Will The U.S. Help ISIS Hostage Steven Sotloff? 3 Possibilities, Explained

WASHINGTON - SEPTEMBER 24: The White House is seen in the early evening September 24, 2008 in Washington, DC. Later tonight President George W. Bush will address the nation on live television about the current financial crisis and is expected to talk about the bailout package currently being debated in Congress. (Photo by Mark Wilson/Getty Images)
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Tuesday was an devastating day: American journalist James Foley was graphically executed on video by the Islamic terrorist organization ISIS (also known as ISIL, or simply IS, the "Islamic State"). By now you've probably heard about it, and for the love of God, don't watch the video. Beyond giving Foley's executioners precisely what they want, it's utterly gruesome and horrifying. And he's not their only hostage — ISIS also has journalist Steven Sotloff held hostage, and as revealed at the end of Foley's execution video, they're threatening to kill him, too. So, what's going to happen? That is to say, what might the U.S. do in response

Sotloff went missing just over a year ago, believed to have been kidnapped while reporting in Aleppo, Syria, a city heavily torn apart by the bloody Syrian civil war. It now appears he's being held by ISIS, and with his appearance at the end of Foley's execution video, has now become a pawn in their bloody efforts.

The ISIS executioner, who spoke in fluent English with a British accent, warned that Sotloff's life depended on President Obama's "next decision." Which raises the obvious question: what decisions are open to him? Here are a few possibilities.

Try to Assemble International Support Against ISIS

This, based on President Obama's statement about Foley's death Wednesday, seems like what he'd like to do independent of whatever military outcomes might arise from it. While Obama initially framed Foley's killing in simple and stark terms — he went so far as to say "no just God would stand for what they did," and insisted they weren't reflective of the Islamic faith — he followed up by emphasizing the involvement of governments native to the region.

And we act against ISIL standing alongside others. The people of Iraq who, with our support, are taking the fight to ISIL, must continue coming together to expel these terrorists from their communities. The people of Syria, whose story Jim Foley told, do not deserve to live under the shadow of a tyrant or terrorists. They have our support in their pursuit of a future rooted in dignity.

It's a tricky and imprudent business trying to predict a course of action from a presidential statement to the nation, but if Obama had wanted to declare that the U.S. was going to avenge Foley militarily, he probably won't find a better moment to do so than he had. Rather, he appealed to humanity's distaste for their tactics, and tried to globalize opposition.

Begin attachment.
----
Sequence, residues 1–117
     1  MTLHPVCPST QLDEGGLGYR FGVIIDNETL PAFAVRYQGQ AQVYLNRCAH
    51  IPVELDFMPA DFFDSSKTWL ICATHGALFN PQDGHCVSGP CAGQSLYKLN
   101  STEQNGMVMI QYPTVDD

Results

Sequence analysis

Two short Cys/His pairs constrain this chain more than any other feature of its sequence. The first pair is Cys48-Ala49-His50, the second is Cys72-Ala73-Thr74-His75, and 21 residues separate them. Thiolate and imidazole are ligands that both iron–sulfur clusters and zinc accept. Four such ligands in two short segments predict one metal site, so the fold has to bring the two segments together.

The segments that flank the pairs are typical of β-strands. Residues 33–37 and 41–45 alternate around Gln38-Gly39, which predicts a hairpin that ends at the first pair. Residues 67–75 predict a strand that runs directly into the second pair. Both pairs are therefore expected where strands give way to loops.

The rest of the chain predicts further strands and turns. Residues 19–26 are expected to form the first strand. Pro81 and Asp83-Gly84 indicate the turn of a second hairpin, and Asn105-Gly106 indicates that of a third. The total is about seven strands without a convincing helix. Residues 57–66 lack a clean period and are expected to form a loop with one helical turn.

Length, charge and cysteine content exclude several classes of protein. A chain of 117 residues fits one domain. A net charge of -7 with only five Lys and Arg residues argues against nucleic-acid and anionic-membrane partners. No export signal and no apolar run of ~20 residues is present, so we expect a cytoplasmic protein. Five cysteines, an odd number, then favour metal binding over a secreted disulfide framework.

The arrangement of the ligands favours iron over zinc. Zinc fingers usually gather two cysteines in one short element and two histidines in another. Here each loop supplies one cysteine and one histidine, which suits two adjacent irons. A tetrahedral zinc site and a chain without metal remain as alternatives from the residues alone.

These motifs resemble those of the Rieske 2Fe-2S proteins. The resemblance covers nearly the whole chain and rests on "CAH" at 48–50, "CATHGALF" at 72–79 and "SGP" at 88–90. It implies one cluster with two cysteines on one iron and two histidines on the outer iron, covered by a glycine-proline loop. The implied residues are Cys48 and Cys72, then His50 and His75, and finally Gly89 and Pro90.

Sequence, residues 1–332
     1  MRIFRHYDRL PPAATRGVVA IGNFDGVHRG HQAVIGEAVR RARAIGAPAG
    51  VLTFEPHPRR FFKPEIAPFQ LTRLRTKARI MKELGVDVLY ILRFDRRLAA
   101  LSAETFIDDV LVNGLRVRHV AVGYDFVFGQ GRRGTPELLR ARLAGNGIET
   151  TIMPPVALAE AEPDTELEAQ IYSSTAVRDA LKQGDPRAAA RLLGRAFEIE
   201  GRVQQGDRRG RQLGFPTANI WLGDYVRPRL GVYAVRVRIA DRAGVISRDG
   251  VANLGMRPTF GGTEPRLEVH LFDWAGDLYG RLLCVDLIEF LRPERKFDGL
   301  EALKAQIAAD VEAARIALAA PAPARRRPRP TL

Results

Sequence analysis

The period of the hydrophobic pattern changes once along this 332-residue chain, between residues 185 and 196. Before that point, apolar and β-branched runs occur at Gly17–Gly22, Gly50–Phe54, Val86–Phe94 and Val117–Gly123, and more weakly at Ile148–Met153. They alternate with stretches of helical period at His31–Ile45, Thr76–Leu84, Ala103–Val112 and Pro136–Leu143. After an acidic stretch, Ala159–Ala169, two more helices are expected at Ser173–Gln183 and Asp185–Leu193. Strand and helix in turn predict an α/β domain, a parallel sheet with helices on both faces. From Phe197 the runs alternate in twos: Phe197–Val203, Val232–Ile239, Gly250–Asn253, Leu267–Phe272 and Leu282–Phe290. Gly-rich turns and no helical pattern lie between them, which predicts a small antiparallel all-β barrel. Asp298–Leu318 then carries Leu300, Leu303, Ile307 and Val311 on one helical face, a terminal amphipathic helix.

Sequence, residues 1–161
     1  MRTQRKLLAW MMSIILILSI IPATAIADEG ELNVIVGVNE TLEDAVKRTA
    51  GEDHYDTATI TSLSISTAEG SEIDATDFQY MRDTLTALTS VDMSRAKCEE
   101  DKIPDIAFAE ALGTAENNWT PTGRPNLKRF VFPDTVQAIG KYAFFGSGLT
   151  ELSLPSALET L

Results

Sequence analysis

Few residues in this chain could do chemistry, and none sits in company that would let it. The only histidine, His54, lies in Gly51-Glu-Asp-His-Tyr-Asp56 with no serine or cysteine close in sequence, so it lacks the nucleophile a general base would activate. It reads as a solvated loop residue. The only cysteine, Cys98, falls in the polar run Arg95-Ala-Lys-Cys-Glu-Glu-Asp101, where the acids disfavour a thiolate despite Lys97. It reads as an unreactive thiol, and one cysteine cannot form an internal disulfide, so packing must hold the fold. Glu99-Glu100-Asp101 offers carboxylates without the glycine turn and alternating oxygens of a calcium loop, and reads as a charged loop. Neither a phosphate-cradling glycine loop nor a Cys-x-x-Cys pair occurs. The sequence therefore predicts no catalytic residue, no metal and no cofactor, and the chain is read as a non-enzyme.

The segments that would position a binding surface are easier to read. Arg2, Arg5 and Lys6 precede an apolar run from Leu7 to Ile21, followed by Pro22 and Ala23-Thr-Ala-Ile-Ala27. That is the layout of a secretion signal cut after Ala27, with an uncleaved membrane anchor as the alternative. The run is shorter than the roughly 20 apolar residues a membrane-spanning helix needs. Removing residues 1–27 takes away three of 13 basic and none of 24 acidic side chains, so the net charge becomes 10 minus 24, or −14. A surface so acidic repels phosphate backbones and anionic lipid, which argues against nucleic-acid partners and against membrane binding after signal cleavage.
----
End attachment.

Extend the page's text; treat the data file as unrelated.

Also, he didn't even mention Sotloff, but that isn't surprising — it might be ceding leverage to ISIS for Obama to discuss Sotloff's situation publicly.

Ease Off American Air Strikes Against ISIS

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This is theoretically one of the options for President Obama, but it's about as unlikely he'd go this way as anything, at least insofar as trying to save Sotloff would be concerned. That's because it'd be easily interpreted as a violation of that age-old American standard of not negotiating with terrorists. 

Any easing off of the pressure on ISIS could indicate to the terrorist group that Foley's killing, and the subsequent threat against Sotloff had the desired effect. Which, in a way, could be as dangerous an outcome as any for him — ISIS' propensity for violence being what it is, it's unlikely that there's any concession that could actually make them free Sotloff.

Intensify Operations Against ISIS, Unilaterally If Necessary

This is the "more combat" option, and however you feel about the prospect of yet more warring by American forces in the Middle East, it's hard not to imagine that this is the most likely outcome. Force tends to breed more force, after all, and seeing as the U.S. has already intervened recently, striking against ISIS at Iraq's Mount Sanjar and the Mosul Dam, things were escalating to begin with. 

Whether this would mean anything positive for Sotloff, however, is impossible to say. ISIS' stated reasoning for killing Foley was those aforementioned U.S. strikes, so engaging in more would likely only provoke another violent response. 

But that's just the sad, grisly reality of all this, and why none of the options seem so hot — no matter how you look at it, ISIS has leverage here, and they could easily have other hostages to threaten if they decided to kill Sotloff.

Images: Getty Images (2); The White House

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